World Health Organization calls for ALL flavored vapes to be banned worldwide and ‘treated like cigarettes’

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Written By Rivera Claudia

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  • World Health Organization has called for flavored vapes to be banned worldwide
  • The agency said that vaping could cause nicotine addiction in non-smokers 
  • READ MORE: America’s vapedemic mapped: 17MILLION adults use e-cigs

The World Health Organization (WHO) has called for all flavored vapes to be banned worldwide and treated similarly to cigarettes. 

The agency said on Thursday that ‘urgent measures’ were needed to control e-cigarettes as there is little evidence suggesting that vaping helps smokers quit and could drive nicotine addiction in non-smokers. 

The WHO called for changes, including bans on all flavoring agents like menthol and applying the same measures used to control tobacco to vapes. Those include high taxes and bans on use in public places.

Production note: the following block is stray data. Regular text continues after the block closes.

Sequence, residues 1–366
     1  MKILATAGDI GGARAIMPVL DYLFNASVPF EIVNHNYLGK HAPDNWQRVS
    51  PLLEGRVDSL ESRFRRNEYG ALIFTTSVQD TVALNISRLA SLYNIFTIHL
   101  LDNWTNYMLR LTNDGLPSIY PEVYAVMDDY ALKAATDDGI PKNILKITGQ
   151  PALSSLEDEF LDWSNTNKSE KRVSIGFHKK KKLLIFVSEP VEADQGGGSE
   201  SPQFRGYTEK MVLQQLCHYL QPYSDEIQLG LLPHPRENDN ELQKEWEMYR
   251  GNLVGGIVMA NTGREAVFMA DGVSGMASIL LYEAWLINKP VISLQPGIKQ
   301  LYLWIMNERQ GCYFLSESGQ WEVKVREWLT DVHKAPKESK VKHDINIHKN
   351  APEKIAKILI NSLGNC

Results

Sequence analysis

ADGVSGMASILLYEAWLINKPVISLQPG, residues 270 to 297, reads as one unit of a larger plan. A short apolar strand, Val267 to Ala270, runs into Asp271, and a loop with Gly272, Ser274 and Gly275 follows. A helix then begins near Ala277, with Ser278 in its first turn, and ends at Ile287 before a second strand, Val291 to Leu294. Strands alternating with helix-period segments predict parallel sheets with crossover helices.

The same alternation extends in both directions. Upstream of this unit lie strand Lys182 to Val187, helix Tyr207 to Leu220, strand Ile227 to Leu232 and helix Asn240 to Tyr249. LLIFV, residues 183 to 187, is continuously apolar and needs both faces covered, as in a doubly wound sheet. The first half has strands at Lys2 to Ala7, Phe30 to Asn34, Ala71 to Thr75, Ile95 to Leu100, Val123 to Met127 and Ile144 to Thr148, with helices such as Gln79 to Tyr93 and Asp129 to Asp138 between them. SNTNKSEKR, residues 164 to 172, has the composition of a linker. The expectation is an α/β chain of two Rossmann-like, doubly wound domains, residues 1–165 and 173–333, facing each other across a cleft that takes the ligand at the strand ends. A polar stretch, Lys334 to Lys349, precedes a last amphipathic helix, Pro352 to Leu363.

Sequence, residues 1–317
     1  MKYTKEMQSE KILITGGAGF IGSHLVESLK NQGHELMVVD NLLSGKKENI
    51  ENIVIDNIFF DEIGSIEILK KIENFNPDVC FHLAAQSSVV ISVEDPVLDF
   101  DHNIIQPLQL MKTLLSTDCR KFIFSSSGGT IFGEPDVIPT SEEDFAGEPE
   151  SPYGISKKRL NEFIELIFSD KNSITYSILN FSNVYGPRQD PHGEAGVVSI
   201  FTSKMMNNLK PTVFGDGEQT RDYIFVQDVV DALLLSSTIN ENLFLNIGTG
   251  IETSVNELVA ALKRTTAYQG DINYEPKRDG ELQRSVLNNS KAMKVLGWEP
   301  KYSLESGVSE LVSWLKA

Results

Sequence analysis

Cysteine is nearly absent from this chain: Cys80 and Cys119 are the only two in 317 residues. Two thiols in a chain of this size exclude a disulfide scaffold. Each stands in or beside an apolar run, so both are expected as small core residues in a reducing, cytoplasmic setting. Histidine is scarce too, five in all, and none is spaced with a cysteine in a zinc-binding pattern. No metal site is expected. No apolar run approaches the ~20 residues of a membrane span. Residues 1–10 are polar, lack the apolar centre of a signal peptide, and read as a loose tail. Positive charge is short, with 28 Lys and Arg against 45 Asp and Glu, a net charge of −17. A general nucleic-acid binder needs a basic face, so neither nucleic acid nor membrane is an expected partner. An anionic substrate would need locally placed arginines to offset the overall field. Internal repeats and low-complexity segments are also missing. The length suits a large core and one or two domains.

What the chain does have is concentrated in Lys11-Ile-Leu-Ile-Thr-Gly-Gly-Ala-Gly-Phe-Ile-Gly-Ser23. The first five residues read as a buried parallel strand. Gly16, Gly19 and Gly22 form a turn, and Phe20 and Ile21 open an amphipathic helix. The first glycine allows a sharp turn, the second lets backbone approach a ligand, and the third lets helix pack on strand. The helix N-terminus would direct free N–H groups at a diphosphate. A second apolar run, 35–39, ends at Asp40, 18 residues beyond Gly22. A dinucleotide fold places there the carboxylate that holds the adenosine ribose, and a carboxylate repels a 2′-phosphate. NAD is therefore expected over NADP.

WHO also warned that they have also gained widespread use among young people, with more than half of American students who try them becoming addicted. 

Additionally, more 13-15-year-olds are using vapes than adults in all WHO regions, helped by aggressive marketing, the agency’s report said. 

The World Health Organization has called for all flavored vapes to be banned across the world

Tedros Adhanom Ghebreyesus, WHO Director-General, said: ‘Kids are being recruited and trapped at an early age to use e-cigarettes and may get hooked to nicotine.’

Federal data suggests that about 14 percent – over 2.5 million – of American youth from 6th through 12th grades vape, while another study reported one in 20 American adults vape. That compares to just one in 10 tobacco smokers.

The tobacco industry claims vapes pose significantly lower health risks than tobacco and can help reduce its harms, with some flavors and lower prices important to encouraging smokers to switch – a position shared by some tobacco control advocates.

However, the WHO said vapes generate substances, some of which are known to cause cancer and pose risks to heart and lung health. They can also harm brain development in young people, it said, citing studies.